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Are Android (And Other Smart Phones) As Addictive As Crack?


The International Center For Media and Public Agenda, at the University of Maryland College Park released a revealing study on the effects of social media and gadgets in students both high school and college aged.  The study, a follow up to a similar experiment last year, had some dangerous revelations.

Researchers at the center found that if students were to abstain from electronic gadgets and social media they reported anxiety, cravings and depression. One of the American students, in the international set of 1000, reported “itching like a crackhead” when he couldn’t use his smartphone.

Read more after the break

A UK Student said

‘I am an addict. I don’t need alcohol, cocaine or any other derailing form of social depravity… Media is my drug; without it I was lost.’

The study revealed that students across the globe have similar habits and spend similar amounts of hours doing the same “connected” things.  Internet ranked first, followed by social networks, email and games.  Not surprising, many students across all continents didn’t know how they could possibly fill up their time without media and being connected. One of the UK students said:

Going down to the kitchen to pointlessly look in the cupboards became a regular routine, as did getting a drink.”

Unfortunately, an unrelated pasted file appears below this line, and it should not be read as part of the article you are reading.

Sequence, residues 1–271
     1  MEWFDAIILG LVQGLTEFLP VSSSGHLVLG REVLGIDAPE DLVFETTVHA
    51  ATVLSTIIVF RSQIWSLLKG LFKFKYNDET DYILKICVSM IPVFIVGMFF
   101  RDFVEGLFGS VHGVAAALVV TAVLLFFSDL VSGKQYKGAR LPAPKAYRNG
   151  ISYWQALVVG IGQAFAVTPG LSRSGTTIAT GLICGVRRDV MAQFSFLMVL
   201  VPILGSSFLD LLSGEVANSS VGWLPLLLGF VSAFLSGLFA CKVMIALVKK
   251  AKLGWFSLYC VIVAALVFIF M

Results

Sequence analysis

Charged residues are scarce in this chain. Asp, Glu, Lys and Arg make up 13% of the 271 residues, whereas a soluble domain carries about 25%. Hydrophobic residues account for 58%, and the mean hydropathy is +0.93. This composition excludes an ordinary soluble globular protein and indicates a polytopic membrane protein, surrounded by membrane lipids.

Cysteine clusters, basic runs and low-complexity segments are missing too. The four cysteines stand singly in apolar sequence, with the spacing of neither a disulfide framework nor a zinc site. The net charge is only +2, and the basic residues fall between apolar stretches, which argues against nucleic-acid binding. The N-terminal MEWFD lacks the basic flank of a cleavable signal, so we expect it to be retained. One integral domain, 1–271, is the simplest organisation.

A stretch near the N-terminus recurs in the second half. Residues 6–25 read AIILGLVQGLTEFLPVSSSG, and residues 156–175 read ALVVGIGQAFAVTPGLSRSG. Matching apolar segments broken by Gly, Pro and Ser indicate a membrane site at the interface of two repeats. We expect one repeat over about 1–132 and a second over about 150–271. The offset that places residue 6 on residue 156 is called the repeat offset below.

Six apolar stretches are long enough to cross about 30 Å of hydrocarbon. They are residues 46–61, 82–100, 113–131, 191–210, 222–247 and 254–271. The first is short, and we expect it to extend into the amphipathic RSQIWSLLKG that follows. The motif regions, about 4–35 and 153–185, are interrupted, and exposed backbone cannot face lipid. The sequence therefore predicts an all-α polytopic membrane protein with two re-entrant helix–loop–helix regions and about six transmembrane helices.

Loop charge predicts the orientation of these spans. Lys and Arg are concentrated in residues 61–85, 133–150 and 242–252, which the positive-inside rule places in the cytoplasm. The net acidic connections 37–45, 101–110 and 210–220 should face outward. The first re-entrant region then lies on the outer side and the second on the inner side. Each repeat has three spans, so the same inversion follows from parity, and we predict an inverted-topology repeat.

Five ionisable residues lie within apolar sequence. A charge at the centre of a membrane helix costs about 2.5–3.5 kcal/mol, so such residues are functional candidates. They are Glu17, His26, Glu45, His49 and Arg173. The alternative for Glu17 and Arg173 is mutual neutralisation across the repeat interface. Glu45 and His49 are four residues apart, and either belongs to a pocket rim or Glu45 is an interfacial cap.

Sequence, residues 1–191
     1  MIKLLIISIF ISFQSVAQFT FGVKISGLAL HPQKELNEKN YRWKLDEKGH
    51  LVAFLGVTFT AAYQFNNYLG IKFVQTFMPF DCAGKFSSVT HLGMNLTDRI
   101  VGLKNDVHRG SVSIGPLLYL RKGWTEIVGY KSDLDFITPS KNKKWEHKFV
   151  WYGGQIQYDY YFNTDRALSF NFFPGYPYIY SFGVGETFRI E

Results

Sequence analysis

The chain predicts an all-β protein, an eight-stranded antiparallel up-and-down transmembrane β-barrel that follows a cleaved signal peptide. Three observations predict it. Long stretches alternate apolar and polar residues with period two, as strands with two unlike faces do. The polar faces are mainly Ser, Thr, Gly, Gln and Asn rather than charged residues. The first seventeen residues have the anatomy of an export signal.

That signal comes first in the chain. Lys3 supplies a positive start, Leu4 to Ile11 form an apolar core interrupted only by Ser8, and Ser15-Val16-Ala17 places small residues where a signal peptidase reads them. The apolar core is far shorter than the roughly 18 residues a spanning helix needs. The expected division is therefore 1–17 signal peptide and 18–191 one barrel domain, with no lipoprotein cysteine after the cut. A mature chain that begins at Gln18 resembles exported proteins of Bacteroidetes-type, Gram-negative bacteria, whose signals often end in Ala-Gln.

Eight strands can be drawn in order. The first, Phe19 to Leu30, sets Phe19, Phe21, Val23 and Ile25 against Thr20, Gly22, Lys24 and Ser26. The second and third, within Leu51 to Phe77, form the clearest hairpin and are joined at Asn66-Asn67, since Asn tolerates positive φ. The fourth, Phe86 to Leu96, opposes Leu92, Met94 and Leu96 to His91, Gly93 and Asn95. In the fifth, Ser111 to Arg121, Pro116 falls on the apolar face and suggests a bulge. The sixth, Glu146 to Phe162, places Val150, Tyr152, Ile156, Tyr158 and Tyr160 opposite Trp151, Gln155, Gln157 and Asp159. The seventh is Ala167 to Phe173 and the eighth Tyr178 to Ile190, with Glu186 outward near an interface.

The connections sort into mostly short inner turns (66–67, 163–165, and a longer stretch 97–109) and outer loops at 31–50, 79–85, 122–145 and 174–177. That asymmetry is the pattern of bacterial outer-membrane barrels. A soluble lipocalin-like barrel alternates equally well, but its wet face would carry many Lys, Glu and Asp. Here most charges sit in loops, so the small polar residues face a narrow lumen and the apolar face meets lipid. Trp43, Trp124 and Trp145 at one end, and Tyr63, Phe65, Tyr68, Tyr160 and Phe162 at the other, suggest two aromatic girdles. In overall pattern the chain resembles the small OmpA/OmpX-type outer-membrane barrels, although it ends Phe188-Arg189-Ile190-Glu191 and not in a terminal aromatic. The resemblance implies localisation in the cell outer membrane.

Susan Moeller, the lead researcher in the study, said ‘Technology provides the social network for young people today and they have spent their entire lives being “plugged in”.

Inevitably when those lists come out at the end of this school year that highlight things that high school graduates didn’t know (designed to make us feel old) this will be the first class that may have never known life without the internet.  America Online launched it’s first commercial version in February of 1991, while Prodigy launched it’s nationwide service in September of the previous year.  BBS’s of course were available about a decade earlier.

In this study 1000 students from across the world were banned from using technology and social media for  a 24 hour period. Cell phones, tablets, computers and other “connected” devices were banned during this period. Students were encouraged to read books, interact personally with each other and keep a handwritten journal.

Moeller reported that during the technology and social media black out students did have more meaningful face to face conversations with each other.

In 2010 Moeller did a smaller study with 200 students on the campus of the University of Maryland.  During that blackout students realized they could live without their mp3 players, ipods and video games but missed the social connection they got from social networking sites like facebook. Students would say things to Moeller like “how can I talk to my friends”. The obvious answer was to actually talk to them.

The study revealed that for students smartphones were as much their swiss army knife as their security blanket.  The ICMPS said that if Charles Schultz were to write Peanuts in 2011 Linus would be carrying a smartphone rather than a blanket.

Although it hasn’t been tabulated yet, after the 2010 study the 200 students produced enough content on their own personal facebook pages, e-journals and blogs to produce 110,000 words and over 400 pages, in their first day back online.

source: webpronews, dailymail UK, ICMPA

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